Videos about F3C
Worlds FAI F3C 2009
F3C Curtis Youngblood
New F3C flight pattern demonstration
Scott Gray Schedule B F3C
Bernahrd Egger, AUT
Synopsis of FAI Class F3C Operation
By Horace Hagen, Chairman of the CIAM F3C Sub-committee, 2011
For the FAI/CIAM F3C competition class pilots must perform complex hovering and aerobatic manoeuvres with a radio controlled model helicopter. Each manoeuvre must be executed with high precision and skill in any attitude and under all weather conditions. F3C model helicopters have a weight limit of 6.5 kg, a maximum rotor disc area of 250dm2 and are powered by internal combustion engines with a maximum displacement of 15ccm or electric motors with a maximum battery voltage of 51 Volts. The engines/motors must be adequately silenced to meet a specified noise limit. The on-board radio control equipment, receiving signals from the competitor’s transmitter, actuates the engine throttle, main rotor lateral and longitudinal cyclic pitch, main rotor collective pitch and tail rotor pitch to guide the model helicopter through hovering and aerobatic manoeuvres.
Manoeuvre schedule P is used for the preliminary rounds and a more difficult schedule F is used during the fly-off rounds. Each schedule contains three hovering manoeuvres that are performed directly in front of the judges over a designated helipad layout. Aerobatic manoeuvres are performed in a window that extends 60 degrees to the left and right of a centre line, and at an elevation angle of no more than 60 degrees. A prescribed aerobatic manoeuvre must be performed each time the model helicopter crosses the centre line. Aerobatic manoeuvres consist of a combination of loops, rolls, pirouettes, flips and tail turns. Aerobatic manoeuvres, or parts thereof, performed outside of the window are penalised by loss of points, proportional to the degree of infraction. The hovering manoeuvres are flown at a distance of 15 metres from the judges. The aerobatic manoeuvres are typically flown at 100 metres in front of and parallel to the judges’ line.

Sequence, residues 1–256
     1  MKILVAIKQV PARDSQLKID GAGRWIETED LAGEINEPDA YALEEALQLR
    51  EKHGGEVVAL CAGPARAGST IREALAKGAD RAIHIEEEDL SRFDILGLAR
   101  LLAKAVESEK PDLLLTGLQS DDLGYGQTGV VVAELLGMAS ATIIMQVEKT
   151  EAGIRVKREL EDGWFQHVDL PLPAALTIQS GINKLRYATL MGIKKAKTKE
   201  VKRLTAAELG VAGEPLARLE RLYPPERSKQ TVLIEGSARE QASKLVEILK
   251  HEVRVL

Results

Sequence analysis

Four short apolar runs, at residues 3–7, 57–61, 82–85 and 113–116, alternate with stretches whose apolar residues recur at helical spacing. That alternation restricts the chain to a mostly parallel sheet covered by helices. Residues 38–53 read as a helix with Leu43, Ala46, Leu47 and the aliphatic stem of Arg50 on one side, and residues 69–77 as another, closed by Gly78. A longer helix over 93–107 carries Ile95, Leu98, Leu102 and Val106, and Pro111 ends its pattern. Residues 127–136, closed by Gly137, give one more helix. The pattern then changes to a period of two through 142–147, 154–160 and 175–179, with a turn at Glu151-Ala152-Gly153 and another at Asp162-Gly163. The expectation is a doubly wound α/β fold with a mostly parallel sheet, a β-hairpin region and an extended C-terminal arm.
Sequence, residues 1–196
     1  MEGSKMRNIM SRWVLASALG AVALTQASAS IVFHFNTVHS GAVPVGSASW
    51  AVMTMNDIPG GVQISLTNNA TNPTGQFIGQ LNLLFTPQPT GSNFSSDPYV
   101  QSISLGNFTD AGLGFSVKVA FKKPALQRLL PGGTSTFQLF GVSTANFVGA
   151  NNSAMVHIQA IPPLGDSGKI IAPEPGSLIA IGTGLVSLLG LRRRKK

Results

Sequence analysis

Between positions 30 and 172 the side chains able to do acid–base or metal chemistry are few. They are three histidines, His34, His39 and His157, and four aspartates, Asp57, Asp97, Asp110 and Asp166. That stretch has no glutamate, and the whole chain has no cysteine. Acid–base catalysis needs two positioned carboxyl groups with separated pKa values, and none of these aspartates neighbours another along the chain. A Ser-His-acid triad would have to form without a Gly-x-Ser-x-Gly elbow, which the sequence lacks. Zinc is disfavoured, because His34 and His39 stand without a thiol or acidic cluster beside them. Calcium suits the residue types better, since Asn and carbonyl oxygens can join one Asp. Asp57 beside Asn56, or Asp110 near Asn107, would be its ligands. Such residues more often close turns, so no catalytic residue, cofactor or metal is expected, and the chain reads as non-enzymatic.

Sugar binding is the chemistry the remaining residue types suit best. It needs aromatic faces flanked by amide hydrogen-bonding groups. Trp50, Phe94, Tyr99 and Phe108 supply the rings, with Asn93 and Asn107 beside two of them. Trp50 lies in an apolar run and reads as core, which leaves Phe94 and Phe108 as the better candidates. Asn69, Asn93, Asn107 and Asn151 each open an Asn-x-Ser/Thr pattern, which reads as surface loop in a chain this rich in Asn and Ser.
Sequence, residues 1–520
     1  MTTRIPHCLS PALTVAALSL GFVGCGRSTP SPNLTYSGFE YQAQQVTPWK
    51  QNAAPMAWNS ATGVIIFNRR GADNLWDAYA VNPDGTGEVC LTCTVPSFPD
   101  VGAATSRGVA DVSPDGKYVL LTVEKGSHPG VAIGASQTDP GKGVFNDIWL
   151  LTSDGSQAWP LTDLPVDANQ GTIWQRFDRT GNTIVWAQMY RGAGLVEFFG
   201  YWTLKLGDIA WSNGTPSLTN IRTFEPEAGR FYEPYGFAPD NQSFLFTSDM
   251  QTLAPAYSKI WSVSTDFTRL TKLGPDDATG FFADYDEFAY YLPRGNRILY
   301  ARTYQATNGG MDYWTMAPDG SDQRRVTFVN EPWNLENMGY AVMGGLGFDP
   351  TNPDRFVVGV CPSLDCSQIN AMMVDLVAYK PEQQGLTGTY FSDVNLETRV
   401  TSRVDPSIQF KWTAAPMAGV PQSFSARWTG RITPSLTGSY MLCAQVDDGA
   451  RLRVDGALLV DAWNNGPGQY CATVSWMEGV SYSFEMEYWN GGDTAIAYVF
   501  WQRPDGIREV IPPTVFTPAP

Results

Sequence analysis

Each competitor’s performance is assessed by a panel of judges who award marks between zero and ten (0.5 increments) for each manoeuvre. Judging is based on four basic criteria: Precision, Smoothness/Gracefulness, Positioning and Display/Size of manoeuvres. Points are subtracted for various types of defects observed by the judges, the severity of these defects, and the number of times the defects are observed.
Each competitor participates in four preliminary rounds, of which the best three flight scores determine his/her placing. The top 15 pilots of all competitors then participate in three fly-off rounds to determine the individual F3C World Champion. The F3C class is also a team competition. FAI member countries may enter a team with a maximum of three competitors as a national team for World- and Continental Championships. The team classification for World and Continental Championships is established at the end of the competition (after the fly-off rounds) by adding the numerical final placing of the three team members of each nation. Teams are ranked from the lowest to the highest, with complete three-competitor teams ahead of two-competitor teams, which in turn are ranked ahead of one-competitor teams.